Q: Is this practically possible? Do you have the staff to get that suspicion and check it up? Is it not much better not to have these kind of new bank licences altogether?

A: That there are fears that there could be self dealing which may be difficult to check. In the guidline we have proposed that there has to be non-operating holding company structure, all financial activities should come under that. We have put limits on how much they can lend to group companies, major customers, suppliers and there has to be a check via a certificate from their statutory auditors for the loans given in excess of Rs 1 crore. We have tried to put in place the check mechanisms and we hope that it will work.

Q: In Indonesia it was disastrous experiment that has to be given up after the Asian crisis so one hopes that things work out better?

A: We have taken lots of effort in devising these safeguards and ring fencing methodologies. One more thing we have put in place, for any capital increase above Rs 1,000 crore one has to take a fresh approval from Reserve Bank to check whether self dealing is being done or not. So for every chunk of Rs 500 crore of capital that they want to infuse in above Rs 1,000 crore.  If the banks are sponsored by industrial houses they would certainly want to do it but there will be checks at all stages.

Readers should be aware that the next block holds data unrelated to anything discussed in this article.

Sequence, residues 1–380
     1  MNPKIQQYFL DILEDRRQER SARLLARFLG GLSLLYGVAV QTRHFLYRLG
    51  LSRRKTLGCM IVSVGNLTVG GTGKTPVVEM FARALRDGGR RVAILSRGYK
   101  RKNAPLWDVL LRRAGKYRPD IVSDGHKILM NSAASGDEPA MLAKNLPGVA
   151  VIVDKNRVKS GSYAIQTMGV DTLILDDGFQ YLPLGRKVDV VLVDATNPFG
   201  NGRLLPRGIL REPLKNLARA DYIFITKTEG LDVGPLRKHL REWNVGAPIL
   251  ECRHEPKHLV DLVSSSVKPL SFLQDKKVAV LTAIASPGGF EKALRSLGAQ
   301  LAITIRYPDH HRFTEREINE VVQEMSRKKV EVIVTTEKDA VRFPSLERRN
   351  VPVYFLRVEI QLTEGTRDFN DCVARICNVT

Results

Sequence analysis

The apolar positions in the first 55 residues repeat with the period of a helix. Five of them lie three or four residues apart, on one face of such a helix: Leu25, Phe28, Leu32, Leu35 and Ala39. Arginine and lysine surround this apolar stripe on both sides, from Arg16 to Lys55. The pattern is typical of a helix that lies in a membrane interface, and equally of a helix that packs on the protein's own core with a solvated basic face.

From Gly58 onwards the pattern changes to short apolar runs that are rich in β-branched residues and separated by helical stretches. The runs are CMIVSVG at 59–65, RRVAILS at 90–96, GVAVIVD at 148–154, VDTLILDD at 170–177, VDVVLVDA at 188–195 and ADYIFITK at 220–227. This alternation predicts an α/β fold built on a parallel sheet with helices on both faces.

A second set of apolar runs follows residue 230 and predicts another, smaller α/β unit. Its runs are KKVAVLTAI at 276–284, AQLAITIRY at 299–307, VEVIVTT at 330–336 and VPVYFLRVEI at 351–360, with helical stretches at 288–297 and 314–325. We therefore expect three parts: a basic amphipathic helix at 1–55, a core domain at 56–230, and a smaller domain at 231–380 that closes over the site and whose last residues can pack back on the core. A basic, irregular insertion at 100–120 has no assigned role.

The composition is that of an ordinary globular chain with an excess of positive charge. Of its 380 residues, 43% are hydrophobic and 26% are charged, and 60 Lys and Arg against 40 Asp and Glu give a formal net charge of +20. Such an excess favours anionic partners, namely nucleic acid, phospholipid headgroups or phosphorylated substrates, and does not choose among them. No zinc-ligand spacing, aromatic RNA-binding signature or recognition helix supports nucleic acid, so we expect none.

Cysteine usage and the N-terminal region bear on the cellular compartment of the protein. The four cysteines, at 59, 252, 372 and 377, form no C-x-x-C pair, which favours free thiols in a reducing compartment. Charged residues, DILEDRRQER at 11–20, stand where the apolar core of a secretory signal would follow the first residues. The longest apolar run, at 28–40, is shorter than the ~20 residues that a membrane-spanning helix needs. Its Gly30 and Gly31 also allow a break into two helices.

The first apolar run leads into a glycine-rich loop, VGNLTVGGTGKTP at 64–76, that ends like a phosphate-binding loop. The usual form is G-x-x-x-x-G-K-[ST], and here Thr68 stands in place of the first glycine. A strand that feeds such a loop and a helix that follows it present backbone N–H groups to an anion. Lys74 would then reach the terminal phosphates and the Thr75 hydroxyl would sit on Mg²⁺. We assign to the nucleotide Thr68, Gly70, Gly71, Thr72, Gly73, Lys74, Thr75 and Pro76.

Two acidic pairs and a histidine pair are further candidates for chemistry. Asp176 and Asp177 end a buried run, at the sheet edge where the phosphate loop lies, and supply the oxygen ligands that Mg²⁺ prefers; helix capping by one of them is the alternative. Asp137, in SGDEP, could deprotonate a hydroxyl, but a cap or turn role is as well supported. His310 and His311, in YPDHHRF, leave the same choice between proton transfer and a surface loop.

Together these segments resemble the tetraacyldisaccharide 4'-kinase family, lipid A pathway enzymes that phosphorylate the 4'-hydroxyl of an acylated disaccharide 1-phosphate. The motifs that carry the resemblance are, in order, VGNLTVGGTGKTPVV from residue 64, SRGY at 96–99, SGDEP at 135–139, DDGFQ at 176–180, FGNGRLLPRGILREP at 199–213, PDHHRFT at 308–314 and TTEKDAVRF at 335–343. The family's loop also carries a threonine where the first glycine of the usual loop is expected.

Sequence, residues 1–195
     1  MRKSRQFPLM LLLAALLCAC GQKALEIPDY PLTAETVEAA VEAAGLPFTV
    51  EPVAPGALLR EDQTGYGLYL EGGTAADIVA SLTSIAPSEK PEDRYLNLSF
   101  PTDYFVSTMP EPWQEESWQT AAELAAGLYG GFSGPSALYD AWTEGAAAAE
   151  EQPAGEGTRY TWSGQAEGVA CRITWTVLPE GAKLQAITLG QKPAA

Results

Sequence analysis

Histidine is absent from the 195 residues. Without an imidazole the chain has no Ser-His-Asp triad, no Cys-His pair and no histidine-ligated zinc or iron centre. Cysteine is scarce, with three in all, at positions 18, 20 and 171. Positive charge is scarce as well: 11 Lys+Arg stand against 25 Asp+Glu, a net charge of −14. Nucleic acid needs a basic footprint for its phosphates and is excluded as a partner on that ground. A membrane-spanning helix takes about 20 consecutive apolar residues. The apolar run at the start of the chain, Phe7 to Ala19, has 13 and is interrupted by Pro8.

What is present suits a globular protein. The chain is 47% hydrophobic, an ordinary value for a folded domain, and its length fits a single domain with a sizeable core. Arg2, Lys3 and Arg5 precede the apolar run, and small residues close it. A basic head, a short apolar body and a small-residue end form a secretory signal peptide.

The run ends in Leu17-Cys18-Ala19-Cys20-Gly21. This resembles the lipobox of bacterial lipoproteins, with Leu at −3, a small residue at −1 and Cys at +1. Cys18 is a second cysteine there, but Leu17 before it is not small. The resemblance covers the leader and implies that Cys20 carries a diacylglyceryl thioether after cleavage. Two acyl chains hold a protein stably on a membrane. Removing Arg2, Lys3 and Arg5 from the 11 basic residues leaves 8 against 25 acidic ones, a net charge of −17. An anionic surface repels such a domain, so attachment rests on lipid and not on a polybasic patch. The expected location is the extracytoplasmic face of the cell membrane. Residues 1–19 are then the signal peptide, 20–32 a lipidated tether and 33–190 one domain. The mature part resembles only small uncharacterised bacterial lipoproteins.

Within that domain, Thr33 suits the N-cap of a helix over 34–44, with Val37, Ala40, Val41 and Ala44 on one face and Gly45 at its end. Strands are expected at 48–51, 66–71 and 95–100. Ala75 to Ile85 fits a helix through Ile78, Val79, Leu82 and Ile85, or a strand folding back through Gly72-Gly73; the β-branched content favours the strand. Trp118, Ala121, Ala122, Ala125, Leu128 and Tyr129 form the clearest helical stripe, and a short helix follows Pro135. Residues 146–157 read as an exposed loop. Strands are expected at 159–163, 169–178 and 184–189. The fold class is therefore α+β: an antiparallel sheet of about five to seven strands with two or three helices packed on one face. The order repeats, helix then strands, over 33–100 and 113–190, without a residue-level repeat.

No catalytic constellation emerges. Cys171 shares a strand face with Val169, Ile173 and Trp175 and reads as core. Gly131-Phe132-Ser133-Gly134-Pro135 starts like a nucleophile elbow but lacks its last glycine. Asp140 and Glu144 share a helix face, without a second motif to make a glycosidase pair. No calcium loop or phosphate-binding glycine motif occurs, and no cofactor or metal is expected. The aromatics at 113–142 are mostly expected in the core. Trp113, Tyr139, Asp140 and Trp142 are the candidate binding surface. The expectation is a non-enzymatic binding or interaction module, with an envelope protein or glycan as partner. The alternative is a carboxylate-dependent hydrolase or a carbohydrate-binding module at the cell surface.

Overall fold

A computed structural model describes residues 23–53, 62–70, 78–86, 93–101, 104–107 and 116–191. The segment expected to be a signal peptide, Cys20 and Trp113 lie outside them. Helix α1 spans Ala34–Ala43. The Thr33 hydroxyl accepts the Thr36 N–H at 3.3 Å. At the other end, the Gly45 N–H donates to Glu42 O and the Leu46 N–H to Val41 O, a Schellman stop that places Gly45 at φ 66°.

Q: Don’t you think that the new securitisation norms along with the old capital norms might almost cripple NBFC industry?

A: We are not here to cripple any industry and one cannot have banks running the financial system. Every set of institutions that we have are very important for us. We are trying to regulate them in a manner that they work in a prudentially sound basis.

Any regulation looks onerous to regulate. If you know how the NBFC regulations have evolved over a period of time. There was a time when even the deposit taking entities were regulated lightly, and then we went on to complete regulation of deposit taking entities. In 2005-2006, we realised that non-deposit taking entity could also become a source of financial instability.

Then we jacked up the regulation on them and while its difficult to go in for counter factuals but we certainly have a sense that had we not done it in 2006 what we did during the crisis time we would have faced lot more difficulties.